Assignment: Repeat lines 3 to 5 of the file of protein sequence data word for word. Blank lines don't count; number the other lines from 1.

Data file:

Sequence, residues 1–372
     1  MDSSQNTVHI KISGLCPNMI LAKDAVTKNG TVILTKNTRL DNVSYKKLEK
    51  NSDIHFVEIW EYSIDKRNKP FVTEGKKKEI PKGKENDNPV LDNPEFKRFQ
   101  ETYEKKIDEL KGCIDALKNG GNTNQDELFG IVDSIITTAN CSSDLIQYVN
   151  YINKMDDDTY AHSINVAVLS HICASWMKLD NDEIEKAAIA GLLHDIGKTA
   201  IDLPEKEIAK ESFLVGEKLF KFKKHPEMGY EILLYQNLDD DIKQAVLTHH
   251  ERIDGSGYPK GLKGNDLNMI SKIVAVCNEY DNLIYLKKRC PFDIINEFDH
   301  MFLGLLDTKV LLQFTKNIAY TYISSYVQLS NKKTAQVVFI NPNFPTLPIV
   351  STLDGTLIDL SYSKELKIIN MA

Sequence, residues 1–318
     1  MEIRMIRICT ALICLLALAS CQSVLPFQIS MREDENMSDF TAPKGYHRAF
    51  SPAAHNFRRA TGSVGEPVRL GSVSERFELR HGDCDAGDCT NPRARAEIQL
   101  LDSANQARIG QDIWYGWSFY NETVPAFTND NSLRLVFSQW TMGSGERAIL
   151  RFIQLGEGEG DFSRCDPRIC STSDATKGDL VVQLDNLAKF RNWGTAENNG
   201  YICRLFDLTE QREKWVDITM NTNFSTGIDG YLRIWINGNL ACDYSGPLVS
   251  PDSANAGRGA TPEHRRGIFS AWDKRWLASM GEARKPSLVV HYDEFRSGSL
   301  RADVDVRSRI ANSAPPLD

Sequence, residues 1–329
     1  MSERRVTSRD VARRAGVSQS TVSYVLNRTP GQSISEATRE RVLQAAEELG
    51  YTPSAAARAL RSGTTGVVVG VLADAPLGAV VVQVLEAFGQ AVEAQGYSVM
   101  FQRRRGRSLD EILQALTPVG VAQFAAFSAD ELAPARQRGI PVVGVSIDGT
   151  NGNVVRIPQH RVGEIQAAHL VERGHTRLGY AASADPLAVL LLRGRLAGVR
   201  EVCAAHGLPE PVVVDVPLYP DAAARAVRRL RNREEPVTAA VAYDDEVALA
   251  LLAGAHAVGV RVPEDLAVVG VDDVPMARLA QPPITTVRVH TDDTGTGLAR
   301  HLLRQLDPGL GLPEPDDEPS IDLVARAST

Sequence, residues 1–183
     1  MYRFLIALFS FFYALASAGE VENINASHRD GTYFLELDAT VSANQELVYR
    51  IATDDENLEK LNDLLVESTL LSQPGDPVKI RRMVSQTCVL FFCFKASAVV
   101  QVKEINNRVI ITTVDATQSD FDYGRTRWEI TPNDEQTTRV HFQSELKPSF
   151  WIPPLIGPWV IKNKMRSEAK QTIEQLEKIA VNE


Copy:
    51  NSDIHFVEIW EYSIDKRNKP FVTEGKKKEI PKGKENDNPV LDNPEFKRFQ
   101  ETYEKKIDEL KGCIDALKNG GNTNQDELFG IVDSIITTAN CSSDLIQYVN
   151  YINKMDDDTY AHSINVAVLS HICASWMKLD NDEIEKAAIA GLLHDIGKTA